Across these TAAP domains, specific themes that represent key areas for gender equality and social inclusion analysis were identified. These include:

  • Education & Literacy 

  • Entrepreneurship

  • Financial Inclusion

  • Gender-Based Violence

  • HIV

  • Information & Communication Technology

  • Land & Property Ownership

  • Nutrition & Food Security

  • Personal Agency

  • Political Participation & Leadership

  • Poverty

  • Sexual & Reproductive Health

  • Trafficking in Persons

  • Unpaid Care Work

  • Workforce Participation

These 15 themes cut across two or more of the domains, resulting in 32 unique TAAP domain/theme intersections for analysis and scoring. For example, the Workforce Participation theme intersects with four TAAP domains (Knowledge & Beliefs, Roles & Responsibilities, Power & Decision-Making, and Law & Policy), while the Political Participation theme intersects with two TAAP domains (Knowledge & Beliefs and Power & Decision-Making).

The spider web on the landing page depicts the six TAAP domains and 15 interspersed themes. Some themes appear in multiple TAAP domains because a unique score is calculated for each specific TAAP domain/theme intersection. The purpose of this is to analyze the “hot spots” of strengths and weaknesses across one theme and illustrate potentially uneven progress. For example, a country may have strong laws and policies on gender-based violence (GBV), resulting in a high score within the Law & Policy domain, but there may be widespread social acceptance of GBV, resulting in a low score within the Knowledge & Beliefs domain.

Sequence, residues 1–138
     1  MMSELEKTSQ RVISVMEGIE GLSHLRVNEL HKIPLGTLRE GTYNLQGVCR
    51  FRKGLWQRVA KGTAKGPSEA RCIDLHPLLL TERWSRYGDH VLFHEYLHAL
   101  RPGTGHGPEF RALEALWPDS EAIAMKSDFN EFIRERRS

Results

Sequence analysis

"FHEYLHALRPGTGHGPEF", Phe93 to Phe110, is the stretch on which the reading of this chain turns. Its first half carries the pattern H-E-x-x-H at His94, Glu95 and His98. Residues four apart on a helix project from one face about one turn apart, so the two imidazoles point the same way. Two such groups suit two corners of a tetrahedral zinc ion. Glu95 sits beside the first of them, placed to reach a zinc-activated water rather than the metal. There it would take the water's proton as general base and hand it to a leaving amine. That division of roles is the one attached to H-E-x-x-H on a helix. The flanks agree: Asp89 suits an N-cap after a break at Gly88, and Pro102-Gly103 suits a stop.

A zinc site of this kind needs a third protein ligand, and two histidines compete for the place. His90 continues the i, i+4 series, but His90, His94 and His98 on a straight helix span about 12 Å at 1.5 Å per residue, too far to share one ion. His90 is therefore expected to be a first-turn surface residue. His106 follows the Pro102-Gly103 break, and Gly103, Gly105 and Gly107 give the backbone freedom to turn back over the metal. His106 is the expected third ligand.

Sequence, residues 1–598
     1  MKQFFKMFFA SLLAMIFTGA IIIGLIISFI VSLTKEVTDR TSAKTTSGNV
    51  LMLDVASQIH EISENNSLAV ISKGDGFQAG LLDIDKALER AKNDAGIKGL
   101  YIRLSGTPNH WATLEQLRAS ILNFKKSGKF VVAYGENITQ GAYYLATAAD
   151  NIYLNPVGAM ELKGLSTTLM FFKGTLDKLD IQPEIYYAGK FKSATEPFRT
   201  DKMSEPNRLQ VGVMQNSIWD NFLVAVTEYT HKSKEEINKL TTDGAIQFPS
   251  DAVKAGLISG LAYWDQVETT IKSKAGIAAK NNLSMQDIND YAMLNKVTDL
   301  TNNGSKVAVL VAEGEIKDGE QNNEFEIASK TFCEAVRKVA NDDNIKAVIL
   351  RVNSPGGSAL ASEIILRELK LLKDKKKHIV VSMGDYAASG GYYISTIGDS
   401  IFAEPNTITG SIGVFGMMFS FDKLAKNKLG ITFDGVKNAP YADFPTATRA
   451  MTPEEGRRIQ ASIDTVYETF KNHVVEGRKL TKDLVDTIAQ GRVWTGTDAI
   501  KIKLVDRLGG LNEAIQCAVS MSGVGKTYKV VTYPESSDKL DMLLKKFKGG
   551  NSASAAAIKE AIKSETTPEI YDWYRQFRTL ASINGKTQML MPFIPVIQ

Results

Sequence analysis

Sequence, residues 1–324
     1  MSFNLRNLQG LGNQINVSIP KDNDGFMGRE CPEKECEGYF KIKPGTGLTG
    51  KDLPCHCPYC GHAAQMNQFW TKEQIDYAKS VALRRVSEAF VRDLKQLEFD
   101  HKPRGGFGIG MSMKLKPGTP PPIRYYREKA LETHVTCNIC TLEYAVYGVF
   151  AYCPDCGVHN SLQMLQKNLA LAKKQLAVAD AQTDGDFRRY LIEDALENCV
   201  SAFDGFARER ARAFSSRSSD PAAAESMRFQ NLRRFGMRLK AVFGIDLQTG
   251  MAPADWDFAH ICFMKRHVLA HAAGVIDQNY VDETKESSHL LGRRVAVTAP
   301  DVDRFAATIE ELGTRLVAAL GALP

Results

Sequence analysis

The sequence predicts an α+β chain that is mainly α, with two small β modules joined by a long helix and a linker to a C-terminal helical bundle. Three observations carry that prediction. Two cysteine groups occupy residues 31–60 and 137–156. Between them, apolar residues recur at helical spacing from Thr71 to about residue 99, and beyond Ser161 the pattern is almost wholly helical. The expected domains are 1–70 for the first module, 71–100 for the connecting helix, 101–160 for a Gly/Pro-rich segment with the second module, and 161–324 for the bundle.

15. I want to subscribe! What does an Equilo subscription include? 

This is a great step toward improving and accelerating gender equality and social inclusion in your work, and we are thrilled to support you in this. There is a variety of flexible monthly or annual subscription packages that are accessible for everyone, from an individual to large global enterprises. You can view more information about our subscription package offerings here, or click the button below to dive in, subscribe, and begin using Equilo!